The provision of patrons’ programmes or faith formation is also protected under legislation.
The 1998 Education Act, for example, protects the right of faith-based schools to set aside time in each school day for subjects relating to the school’s ethos. This is typically about 30 minutes a day.
Moves to changes how religion is taught in primary schools have met with resistance from many Catholic groups, who fear it will undermine the ethos of their schools.
A new subject on world religions and ethics in primary schools was watered down in the face of concerns it could challenge the ethos of denominational schools. Instead, policymakers said the area of learning will be incorporated into the wider primary school curriculum rather than as a separate subject.
The change was seen as a victory for religious groups and Catholic bishops, who are opposed to the subject on the basis it could undermine faith-based education and swamp an overloaded school curriculum.
Similarly, Catholic groups have expressed concern that proposed reforms to the primary curriculum could “undermine and downgrade” religion in schools.
Under proposals being considered by the National Council for Curriculum and Assessment, patrons’ programmes would no longer feature as part of the State’s core curriculum at primary level.
Instead, schools would have the freedom to decide how much time they wish to spend on teaching faith-formation or patrons’ programmes during “flexible time”.
The debate looks set to continue. In the meantime, there are relatively few options for teachers who feel they cannot sign up for a certificate in religious studies.
Educate Together, a network of 82 primary schools of about 3,200 nationally, does not require a certificate in religious studies
DCU, along with offering a certificate in religious studies, also provides a certificate in “ethical and multi-denominational education” for such schools.
A spokesman for Educate Together said it expected demand for this approach to grow over the coming years in line with demand for “equality-based education”.
Teachers are happy, because the vast majority are too conservative to change
One teacher who spoke to The Irish Times on the basis of anonymity said the certificate in religious studies (CRS) weighs heavily on trainee teachers who are non-religious.
“Having trained in the UK, it was not a requirement to do the CRS as part of my course. I was fortunate enough that the school I was employed in did not look for the certificate despite it being a Catholic school. I trained in 2008 in the UK where there is little emphasis put on religion.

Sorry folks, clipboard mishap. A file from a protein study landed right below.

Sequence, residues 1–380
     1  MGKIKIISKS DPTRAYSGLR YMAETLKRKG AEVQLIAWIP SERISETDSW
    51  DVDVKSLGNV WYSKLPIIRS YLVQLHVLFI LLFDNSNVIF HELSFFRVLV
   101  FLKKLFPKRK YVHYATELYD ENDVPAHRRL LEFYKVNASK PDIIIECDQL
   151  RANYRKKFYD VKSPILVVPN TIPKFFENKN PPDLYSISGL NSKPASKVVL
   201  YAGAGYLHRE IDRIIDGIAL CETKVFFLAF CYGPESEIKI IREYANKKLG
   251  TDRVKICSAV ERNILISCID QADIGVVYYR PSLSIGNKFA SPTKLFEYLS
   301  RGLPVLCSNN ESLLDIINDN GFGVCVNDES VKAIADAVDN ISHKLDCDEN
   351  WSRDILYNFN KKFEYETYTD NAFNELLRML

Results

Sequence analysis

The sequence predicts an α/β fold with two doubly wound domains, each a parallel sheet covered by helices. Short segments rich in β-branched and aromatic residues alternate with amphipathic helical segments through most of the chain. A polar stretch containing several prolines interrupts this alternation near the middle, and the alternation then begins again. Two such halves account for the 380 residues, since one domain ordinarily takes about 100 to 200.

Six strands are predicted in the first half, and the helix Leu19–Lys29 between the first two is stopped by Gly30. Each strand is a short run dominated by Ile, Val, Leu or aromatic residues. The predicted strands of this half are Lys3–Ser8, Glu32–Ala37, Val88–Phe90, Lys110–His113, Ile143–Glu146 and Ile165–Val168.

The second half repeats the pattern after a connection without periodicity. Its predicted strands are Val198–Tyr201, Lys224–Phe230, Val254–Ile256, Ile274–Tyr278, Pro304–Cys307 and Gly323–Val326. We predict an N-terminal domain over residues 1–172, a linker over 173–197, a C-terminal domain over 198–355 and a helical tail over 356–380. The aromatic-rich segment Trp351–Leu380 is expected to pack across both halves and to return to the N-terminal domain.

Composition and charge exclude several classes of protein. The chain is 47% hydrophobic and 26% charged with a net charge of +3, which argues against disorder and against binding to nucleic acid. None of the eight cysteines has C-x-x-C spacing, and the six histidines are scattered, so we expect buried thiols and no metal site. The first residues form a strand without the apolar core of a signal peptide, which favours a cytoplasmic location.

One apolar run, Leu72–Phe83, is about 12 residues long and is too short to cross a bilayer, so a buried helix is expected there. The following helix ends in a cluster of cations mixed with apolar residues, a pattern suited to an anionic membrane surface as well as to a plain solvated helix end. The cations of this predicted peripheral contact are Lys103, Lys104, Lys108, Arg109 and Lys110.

“Catholic schools in Ireland are most certainly under the grip of the church. If this wasn’t the case I would be able to put my name to these comments.
“Promotion opportunities for teachers without the CRS are few and far between. Most schools will look for the CRS when hiring a principal. This is something that I could see myself doing but because of the necessity to do the CRS I will be ruled out of the vast majority of jobs that arise.
“I do think the CRS is something that puts off students who aren’t from a Catholic background or weren’t born in Ireland, which is why teachers are predominantly white and Irish.
“However, the reasons for teachers from more diverse backgrounds not coming forward are much more complicated than just the CRS.
“As an atheist teacher in a Catholic school, it is most definitely an issue for me. Teaching, although it is slowly changing, is dominated by white, Catholic, middle-class women. This is in no way reflective of society as a whole. The CRS plays a part, as does the Gaeilge requirement.
“Teachers of different faiths and none are made to feel less valued and dissenters must be careful where they speak and what they say.
“Laissez-faire Catholics are happy with the current situation because it requires them to do nothing. Teachers are happy because the vast majority are too conservative to change. With such a conservative workforce and such ‘apathetic customers’, I see nothing changing anytime soon.”